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Don't delay emergency care because of COVID-19
If you had chest pain, would the COVID-19 pandemic make you think twice about seeking care at the emergency room (ER)?
ER visits for serious incidents like heart attack and stroke declined sharply after the pandemic began. But that doesn't mean people were having fewer of those emergencies.
Doctors are concerned that people having severe health problems delayed care because they were worried about catching the coronavirus if they went to the ER. Or they were worried about putting a strain on a healthcare system that seemed overloaded with COVID-19 patients.
Why you shouldn't wait
You can rest assured that hospitals are taking steps to reduce contact between people with COVID-19 symptoms and people with other emergencies. So if you think you're having a medical crisis, call 911 right away.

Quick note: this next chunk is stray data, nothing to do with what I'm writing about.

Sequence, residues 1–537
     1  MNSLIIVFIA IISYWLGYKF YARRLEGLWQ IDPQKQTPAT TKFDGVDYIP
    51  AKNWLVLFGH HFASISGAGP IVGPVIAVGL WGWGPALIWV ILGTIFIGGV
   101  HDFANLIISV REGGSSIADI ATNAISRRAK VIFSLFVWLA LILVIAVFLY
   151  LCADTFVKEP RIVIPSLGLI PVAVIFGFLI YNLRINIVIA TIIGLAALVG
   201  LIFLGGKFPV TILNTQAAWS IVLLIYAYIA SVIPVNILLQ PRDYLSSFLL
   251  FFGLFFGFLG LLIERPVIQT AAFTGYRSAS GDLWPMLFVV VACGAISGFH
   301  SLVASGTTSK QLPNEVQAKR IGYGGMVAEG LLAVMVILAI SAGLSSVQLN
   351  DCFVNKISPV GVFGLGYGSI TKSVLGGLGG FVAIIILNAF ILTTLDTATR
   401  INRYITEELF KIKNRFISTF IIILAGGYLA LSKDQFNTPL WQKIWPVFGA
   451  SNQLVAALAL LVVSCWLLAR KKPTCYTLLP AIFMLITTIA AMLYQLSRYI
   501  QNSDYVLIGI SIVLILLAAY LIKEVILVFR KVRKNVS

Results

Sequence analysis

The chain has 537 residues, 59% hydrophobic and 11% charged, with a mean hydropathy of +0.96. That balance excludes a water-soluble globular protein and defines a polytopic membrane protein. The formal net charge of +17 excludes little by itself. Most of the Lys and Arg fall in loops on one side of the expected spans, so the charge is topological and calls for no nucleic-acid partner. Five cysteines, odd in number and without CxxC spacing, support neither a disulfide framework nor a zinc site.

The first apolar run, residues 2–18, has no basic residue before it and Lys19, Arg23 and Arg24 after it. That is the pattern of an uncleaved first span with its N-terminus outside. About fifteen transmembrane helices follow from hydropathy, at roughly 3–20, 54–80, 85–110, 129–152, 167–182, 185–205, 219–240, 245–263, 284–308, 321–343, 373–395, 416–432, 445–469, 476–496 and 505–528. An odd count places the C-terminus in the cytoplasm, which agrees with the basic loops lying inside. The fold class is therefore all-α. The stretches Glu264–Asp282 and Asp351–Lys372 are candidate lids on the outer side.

What is an emergency?
The American College of Emergency Physicians lists these warning signs and symptoms of a medical emergency:
- Bleeding that won't stop.
- Difficulty breathing.
- Change in mental status.
- Chest pain.
- Coughing up or vomiting blood.
- Fainting or loss of consciousness.
- Feeling suicidal or homicidal.
- Head or spine injury.
- Severe or persistent vomiting.
- Injury due to a serious motor vehicle accident, burns or smoke inhalation, nearly drowning, a deep or large wound, or other serious injuries.
- Sudden, severe pain anywhere in the body.
- Sudden dizziness, sudden muscle or general weakness, or sudden change in vision.
- Ingestion of a poisonous substance.
- Severe abdominal pain or pressure.
Call 911 or seek emergency help right away if someone is experiencing any of the above.
Symptoms not so severe?
If it's not an emergency, maybe it's something you could take care of with a virtual visit. Learn more about the benefits of telemedicine.